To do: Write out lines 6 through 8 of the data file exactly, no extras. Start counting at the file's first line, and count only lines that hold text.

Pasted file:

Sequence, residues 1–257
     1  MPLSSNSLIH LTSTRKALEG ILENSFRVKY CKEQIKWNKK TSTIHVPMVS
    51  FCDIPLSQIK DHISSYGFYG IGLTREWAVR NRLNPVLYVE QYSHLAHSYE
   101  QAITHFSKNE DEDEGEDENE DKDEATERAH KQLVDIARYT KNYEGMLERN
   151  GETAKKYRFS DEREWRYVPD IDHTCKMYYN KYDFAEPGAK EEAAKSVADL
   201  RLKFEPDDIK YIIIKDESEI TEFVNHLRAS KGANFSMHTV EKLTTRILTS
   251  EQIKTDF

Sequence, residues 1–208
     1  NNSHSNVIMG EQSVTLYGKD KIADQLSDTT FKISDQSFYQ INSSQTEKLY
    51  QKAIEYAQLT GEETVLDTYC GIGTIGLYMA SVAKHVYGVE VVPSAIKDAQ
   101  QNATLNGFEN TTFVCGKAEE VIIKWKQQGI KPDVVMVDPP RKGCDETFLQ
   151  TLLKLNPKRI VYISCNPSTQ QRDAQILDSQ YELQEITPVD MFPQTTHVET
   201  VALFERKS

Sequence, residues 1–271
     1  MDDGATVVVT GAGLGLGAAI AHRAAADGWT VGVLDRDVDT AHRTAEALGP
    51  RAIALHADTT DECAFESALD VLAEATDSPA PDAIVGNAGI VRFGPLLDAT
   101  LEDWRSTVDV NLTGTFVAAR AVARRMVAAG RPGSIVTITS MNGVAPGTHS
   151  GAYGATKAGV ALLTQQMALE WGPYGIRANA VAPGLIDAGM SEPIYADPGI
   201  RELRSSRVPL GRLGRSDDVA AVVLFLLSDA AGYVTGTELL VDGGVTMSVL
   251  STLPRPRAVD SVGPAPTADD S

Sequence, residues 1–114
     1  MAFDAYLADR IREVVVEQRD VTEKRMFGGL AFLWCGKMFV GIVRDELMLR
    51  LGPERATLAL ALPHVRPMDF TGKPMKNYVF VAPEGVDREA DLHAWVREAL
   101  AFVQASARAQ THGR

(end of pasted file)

   201  RLKFEPDDIK YIIIKDESEI TEFVNHLRAS KGANFSMHTV EKLTTRILTS
   251  EQIKTDF

Sequence, residues 1–208